I2C makes IR sensors compatible with the large-scale production processes used in visible cameras.
By adopting design techniques widely used in consumer electronics, ULIS will make IR technology more accessible to new entrants to the thermal camera market. According to a ULIS market survey, demand for uncooled IR sensors (microbolometers) are expected to grow from 300K units in 2011 (where the military market represents 37 per cent) to 3.8M units in 2020.
“ULIS has made sure that Pico384E responds to the demands of thermal camera manufacturers, making IR sensors easier to handle and integrate,” said Jean–Luc Tissot, technical director at ULIS. “By adopting design techniques widely used in the consumer electronics industry, ULIS is reducing the complexity of IR sensors and making high performance IR technology more accessible and affordable. Bringing simplicity to IR technology will create more opportunities for IR applications in existing and emerging markets. We are pleased to be among the leaders in this trend.”
Pico384E, a 17-micron pixel pitch uncooled IR sensor, is suitable for compact IR cameras used in high-end military and professional applications that require high thermal sensitivity. High sensitivity lets users perceive smaller objects at longer distances. Applications include long-range surveillance, Thermal Weapon Sights (TWS), ground vehicle situation awareness, handheld goggles and IR capability to UAV (Unmanned Aerial Vehicle).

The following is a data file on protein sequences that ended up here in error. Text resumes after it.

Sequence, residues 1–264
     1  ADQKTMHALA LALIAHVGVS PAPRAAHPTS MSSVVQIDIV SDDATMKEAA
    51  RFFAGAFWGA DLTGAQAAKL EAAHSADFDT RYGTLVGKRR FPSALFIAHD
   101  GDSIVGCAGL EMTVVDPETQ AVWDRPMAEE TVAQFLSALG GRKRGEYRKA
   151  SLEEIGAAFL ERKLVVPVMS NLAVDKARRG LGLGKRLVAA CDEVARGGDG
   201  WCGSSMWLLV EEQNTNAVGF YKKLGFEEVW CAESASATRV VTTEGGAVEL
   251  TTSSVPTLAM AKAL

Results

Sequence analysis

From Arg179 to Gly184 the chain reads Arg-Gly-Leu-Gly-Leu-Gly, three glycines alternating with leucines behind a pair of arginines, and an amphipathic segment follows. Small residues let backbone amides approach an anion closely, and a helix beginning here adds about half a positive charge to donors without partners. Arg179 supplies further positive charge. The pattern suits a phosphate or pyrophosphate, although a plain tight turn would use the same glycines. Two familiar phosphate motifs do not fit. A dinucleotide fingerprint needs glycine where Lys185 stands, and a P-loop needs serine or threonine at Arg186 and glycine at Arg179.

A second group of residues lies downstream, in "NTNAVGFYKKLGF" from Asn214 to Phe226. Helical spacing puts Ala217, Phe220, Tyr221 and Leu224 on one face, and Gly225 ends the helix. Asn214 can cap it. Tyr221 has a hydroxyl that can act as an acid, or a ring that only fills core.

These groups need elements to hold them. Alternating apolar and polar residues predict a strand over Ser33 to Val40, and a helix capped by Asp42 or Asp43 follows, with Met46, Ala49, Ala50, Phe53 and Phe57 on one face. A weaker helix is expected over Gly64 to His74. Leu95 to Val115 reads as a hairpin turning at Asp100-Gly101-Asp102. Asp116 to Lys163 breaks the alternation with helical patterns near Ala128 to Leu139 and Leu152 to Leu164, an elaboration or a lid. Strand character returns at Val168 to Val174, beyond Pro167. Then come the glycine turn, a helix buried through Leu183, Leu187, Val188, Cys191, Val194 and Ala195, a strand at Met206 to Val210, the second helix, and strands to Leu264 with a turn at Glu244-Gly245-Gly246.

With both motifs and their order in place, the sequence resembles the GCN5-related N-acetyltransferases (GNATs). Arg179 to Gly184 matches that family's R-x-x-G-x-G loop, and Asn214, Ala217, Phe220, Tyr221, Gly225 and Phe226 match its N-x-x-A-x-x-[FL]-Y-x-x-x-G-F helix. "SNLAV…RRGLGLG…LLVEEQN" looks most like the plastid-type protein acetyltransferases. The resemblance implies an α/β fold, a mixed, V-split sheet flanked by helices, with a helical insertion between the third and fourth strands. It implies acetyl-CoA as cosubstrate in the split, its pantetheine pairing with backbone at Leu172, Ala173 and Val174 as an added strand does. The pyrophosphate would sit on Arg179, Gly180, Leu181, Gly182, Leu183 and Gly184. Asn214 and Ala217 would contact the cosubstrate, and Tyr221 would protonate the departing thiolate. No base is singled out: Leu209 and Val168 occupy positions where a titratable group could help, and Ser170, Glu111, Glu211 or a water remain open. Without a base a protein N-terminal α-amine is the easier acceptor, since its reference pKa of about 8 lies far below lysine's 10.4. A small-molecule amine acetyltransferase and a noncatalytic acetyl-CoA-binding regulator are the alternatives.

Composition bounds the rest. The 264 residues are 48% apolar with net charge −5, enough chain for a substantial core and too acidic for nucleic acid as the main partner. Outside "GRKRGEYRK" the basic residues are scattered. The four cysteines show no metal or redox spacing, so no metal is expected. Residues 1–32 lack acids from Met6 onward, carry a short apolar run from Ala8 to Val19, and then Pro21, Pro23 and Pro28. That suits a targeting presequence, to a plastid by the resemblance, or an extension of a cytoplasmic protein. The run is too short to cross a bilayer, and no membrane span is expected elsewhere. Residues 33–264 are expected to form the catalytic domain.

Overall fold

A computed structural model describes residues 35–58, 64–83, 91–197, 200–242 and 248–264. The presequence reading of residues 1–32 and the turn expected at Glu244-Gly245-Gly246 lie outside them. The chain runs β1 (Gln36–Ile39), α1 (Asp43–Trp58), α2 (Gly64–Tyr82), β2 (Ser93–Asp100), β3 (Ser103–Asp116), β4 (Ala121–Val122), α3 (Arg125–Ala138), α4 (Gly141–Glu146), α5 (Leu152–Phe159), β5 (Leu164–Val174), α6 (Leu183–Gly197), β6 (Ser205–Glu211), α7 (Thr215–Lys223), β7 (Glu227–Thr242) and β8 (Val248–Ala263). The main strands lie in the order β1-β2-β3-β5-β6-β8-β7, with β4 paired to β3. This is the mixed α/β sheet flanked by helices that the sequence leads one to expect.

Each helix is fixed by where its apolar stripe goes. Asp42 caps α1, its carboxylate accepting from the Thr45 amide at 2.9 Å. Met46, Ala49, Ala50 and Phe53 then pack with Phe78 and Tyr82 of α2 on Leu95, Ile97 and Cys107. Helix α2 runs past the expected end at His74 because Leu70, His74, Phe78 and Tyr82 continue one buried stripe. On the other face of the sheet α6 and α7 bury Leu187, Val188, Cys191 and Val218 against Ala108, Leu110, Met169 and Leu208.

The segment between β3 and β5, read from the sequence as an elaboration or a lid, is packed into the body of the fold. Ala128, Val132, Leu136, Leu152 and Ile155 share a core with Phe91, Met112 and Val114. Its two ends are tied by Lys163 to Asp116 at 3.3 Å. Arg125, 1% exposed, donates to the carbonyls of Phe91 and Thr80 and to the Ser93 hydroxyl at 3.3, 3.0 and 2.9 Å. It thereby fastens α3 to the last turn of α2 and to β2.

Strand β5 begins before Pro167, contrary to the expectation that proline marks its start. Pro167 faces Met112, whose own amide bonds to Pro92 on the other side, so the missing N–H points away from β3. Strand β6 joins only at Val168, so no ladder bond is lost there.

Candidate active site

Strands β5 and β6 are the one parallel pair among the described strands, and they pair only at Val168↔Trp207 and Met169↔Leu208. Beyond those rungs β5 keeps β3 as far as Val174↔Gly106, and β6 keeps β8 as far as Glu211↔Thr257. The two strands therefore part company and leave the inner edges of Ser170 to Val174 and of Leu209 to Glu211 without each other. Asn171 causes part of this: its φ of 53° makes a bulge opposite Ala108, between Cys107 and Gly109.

“Battery life-time of portable IR systems is very important to a variety of our customers. ULIS' engineers have managed to achieve halving the power consumption - from 110 mW for a 384x288/25-micron microbolometer to less than 60 mW for Pico384E (analog output, 50 Hz frame rate),” added Tissot.
With an I2C bus speed, Pico384E operates up to 400 kHz as defined in the I2C specification. It has a NETD (Noise-Equivalent Temperature Difference), an important parameter for evaluating image quality, in the range of 40 mK, and a thermal time constant under 10 ms. This gives